Djibouti: Best things come in small packages

COMESA 2018 Special Report, By Kanchi Batra

COMESA 2018 Special Report

Djibouti acknowledges the crucial need for foreign investment to encourage economic development. The country’s assets include a strategic geographic location, tax incentives favourable to business, Free Zones, an open trade regime, and a stable currency. The government of Djibouti has recognised a number of priority sectors for investment, transport/shipping, services (logistics and port-related), energy, tourism, and fishing.

Djibouti may be one of the tiniest and the youngest states in Africa, but it might also be the most talented in business development and investments. While its larger, more influential neighbours are involved in a never-ending border quarrel, Djibouti stands out as a haven of solidity and neutrality. The country is strategically situated at the mouth of the Red Sea, along the shipping route between the Mediterranean and the Indian Ocean.

Djibouti has an established status as a trading hub and a gateway to trillion-dollar markets. Djibouti is preferably centered to simplify trade flows between Europe, Africa, and the Middle East. Expectedly, the logistics industry plays a significant part in its economy, with free zones key among these.

Djibouti’s economic outlook is also favourable; most assessments expect growth to continue at unparalleled rates. The government has been trying in recent years to reduce the structural obstacles to adequate electricity and water supply that handicap growth of the private sector.

Djibouti has pursued a moderate foreign policy. Djibouti’s population is estimated at more than 890,000. French and Somali are the main languages used in government, business and daily activities. English is becoming more widely spoken due to increased American presence and more English-speaking foreign investors.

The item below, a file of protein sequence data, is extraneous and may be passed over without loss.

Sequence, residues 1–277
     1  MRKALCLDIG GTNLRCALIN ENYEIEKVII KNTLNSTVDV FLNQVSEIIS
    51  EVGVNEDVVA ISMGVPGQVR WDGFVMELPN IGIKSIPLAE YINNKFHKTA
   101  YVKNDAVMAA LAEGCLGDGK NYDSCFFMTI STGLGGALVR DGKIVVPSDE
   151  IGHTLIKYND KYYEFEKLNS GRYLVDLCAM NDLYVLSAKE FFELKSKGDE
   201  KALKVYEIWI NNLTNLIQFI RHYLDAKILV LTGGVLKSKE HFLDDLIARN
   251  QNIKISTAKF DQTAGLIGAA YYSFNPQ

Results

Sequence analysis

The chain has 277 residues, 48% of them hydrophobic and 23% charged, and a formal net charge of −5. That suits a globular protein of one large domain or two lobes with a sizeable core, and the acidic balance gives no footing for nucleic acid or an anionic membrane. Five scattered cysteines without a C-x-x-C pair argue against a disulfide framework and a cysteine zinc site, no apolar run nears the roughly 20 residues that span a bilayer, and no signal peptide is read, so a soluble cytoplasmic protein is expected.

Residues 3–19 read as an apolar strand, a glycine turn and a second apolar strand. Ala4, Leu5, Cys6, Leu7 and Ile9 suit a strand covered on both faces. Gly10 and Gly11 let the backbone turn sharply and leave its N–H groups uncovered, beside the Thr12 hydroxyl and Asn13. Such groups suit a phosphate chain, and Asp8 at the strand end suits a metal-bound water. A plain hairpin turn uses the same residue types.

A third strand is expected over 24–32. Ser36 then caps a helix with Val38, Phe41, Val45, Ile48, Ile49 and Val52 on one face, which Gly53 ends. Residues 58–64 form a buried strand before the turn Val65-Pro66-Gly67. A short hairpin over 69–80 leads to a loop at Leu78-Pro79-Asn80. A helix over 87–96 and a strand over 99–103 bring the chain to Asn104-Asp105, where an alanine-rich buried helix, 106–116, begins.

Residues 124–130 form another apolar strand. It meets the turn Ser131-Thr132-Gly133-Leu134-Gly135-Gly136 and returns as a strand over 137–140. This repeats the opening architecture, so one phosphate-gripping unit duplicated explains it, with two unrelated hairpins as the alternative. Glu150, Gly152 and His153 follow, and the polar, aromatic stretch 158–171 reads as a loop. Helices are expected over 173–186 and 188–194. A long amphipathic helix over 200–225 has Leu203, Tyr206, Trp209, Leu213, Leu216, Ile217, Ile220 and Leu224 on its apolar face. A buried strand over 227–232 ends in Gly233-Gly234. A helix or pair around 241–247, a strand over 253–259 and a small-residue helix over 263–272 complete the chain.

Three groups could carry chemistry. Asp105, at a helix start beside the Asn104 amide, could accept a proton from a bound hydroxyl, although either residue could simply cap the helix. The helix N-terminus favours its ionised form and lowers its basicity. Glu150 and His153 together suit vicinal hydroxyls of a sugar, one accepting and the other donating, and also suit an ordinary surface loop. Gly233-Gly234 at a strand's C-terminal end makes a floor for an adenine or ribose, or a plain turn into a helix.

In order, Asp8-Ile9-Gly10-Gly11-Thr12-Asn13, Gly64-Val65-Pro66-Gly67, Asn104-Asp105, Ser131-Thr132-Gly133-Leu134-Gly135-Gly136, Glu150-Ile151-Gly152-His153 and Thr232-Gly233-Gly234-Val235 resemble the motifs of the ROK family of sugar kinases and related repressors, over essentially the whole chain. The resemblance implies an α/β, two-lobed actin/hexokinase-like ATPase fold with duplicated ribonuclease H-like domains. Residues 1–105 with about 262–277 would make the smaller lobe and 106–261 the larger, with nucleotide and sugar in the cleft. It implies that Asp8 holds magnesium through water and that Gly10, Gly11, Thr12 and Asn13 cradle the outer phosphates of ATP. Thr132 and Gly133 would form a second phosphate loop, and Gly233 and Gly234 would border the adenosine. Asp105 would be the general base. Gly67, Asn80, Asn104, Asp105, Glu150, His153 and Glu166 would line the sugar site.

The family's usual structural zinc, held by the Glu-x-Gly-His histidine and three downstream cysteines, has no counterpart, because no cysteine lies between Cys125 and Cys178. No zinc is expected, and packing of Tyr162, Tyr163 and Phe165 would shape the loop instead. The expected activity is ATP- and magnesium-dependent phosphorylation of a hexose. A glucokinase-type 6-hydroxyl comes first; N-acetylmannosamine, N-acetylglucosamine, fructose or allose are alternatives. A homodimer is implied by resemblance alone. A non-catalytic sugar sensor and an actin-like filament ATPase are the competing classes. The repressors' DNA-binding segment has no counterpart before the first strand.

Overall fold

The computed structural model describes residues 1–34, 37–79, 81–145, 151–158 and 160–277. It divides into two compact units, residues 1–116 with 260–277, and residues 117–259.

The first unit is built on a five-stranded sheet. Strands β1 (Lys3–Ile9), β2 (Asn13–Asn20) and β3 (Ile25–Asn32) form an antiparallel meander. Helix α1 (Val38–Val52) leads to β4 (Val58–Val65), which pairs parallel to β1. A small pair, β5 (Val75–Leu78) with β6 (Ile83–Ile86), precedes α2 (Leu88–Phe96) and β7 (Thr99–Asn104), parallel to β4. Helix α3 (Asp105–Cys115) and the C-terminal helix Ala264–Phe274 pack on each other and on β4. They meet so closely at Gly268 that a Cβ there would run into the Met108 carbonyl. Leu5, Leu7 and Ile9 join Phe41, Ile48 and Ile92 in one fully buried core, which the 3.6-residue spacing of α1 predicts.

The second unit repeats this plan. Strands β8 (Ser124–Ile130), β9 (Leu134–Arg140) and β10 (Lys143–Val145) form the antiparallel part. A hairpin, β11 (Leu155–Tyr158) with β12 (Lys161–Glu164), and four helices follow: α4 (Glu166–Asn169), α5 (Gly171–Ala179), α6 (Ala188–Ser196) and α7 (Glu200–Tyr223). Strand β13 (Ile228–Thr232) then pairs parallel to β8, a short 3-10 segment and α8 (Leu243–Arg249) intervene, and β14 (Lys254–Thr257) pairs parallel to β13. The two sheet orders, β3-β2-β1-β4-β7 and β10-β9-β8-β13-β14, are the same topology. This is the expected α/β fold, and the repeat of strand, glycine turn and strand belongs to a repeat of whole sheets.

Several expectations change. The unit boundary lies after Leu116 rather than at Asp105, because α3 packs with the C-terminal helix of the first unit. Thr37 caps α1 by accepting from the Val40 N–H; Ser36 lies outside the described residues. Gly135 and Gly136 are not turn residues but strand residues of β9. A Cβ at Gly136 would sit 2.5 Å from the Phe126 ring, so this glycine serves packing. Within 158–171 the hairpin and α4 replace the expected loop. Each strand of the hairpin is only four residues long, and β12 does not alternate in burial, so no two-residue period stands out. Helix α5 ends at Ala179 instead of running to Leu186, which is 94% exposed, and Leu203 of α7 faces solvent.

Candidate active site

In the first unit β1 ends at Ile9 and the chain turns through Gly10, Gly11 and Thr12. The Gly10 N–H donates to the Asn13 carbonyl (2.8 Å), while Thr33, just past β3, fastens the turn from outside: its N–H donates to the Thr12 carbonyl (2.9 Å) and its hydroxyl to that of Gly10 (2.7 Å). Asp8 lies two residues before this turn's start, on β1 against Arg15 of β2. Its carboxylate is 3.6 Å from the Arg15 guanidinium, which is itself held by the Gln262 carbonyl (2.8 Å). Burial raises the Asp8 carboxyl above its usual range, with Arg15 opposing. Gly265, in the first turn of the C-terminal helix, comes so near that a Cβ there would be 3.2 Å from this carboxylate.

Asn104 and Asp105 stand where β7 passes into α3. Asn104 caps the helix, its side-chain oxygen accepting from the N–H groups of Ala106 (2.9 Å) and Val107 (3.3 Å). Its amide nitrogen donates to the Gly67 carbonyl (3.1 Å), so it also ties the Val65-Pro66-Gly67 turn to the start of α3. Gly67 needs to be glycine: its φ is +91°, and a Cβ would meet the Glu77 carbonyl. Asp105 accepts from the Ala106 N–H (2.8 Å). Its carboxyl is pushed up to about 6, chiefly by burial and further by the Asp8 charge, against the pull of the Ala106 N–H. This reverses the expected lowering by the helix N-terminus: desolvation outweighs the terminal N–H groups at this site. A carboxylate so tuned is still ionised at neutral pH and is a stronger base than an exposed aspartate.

Economy & Trade

Djibouti has been trying to make the most of its strategic situation and wants to make its port the biggest trans-shipment hub for the Common Market for Eastern and Southern Africa (COMESA) – a trade bloc grouping of around 20 countries. Djibouti is trying to transmute itself into a regional trade, finance, and telecommunications hub. Djibouti hosts France's largest military base in Africa as well as a major US base. Its port is used by foreign navies guarding busy shipping lanes off the coast of Somalia to fight piracy. For Africa in general and the region in particular, Djibouti is an important free trade zone.

Djibouti’s macroeconomic environment has enriched significantly over the last few years.

Djibouti’s main economic activities are focused on the Port of Djibouti, the banking sector, the airport, and the operation of the Addis Ababa-Djibouti railroad, in addition to a small tourist industry. Its strategic location on a busy shipping route is considered one of its most important economic asset. The service sector accounted for nearly 80 percent of the country’s GDP in 2010 (including commerce and trade ‘trans-shipping’), while industry accounted for less than 20 percent of the GDP.

Djibouti provides services as both a transit port for the region and an international transshipment and refuelling centre. Imports and exports from landlocked neighbour Ethiopia represent 70 percent of port activity at Djibouti's container terminal. Augmented investment, particularly in construction and port operations, has led to relatively high economic growth in 2010. With regard to manufacturing, Djibouti’s main industrial activities include a mineral bottling plant, leather tanning, construction, a pharmaceuticals factory, abattoirs, salt mining, and one petroleum refinery. n

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